You will agree with me that the cloud has incredibly transformed business computing dynamics. Cloud technologies come with a vast range of windfalls, from little upfront costs to easy scalability and superior uptime availability.
Mike Shelah (Advantage Industries) is just one among the many Managed Service Providers who agree that “using the cloud presents many benefits to their clients.” He particularly singles out Microsoft SharePoint that “gives customers substantial storage for internal collaboration as part of their 365 licensing.”
Our focus today is the role of hybrid cloud technologies in today’s business climate. To put things into perspective, let’s look at the different types of clouds.
According to Google, cloud computing is “the practice of using a network of remote servers hosted on the Internet to store, manage, and process data, rather than a local server or a personal computer.”
If you have been probing cloud computing, you must be well aware of the longstanding debate on private vs. public cloud. Before you make up your mind, it’s essential to interrogate the differences between the two:
We would generally define the hybrid cloud as a combination of private and public clouds and on-premises (bare metal) infrastructure, often with some level of integration or orchestration between environments.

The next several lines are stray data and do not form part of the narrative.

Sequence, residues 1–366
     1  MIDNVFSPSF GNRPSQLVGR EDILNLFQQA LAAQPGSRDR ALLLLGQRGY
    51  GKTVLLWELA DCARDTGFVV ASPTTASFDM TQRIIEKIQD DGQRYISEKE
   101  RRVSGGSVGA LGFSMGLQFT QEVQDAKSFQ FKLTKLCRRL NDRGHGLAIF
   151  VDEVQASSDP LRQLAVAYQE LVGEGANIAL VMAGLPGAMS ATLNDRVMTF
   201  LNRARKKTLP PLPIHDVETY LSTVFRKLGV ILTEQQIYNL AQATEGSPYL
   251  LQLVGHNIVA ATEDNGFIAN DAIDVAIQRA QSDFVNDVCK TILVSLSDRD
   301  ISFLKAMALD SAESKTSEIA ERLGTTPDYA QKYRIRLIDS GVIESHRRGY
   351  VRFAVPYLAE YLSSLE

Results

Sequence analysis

So, How Does It Work?
At SemTech IT Solutions, clients “have the main physical server on-site, but the server is paired with Office 365 and a third party file sync solution.” This, according to Nick Allo, “allows users who are working remotely to still access their email/files from anywhere, anytime.” Besides being cost-effective, this solution enables business executives to have more control over their data.
The main drive pushing people toward cloud computing is the remote accessibility of data from anywhere. Ilan Sredni works with Palindrome Consulting in South Florida. He admits that “everyone is conscious of hurricane seasons and power outages, and so clients want solutions that give them the ability to get work done, even when the office may be completely inaccessible.” At the same time, administrators want to control their data and how it’s stored and managed. The only way out is to integrate both private and public clouds. In Ilan’s words, “Hybrid cloud seems to bring the best of both worlds.”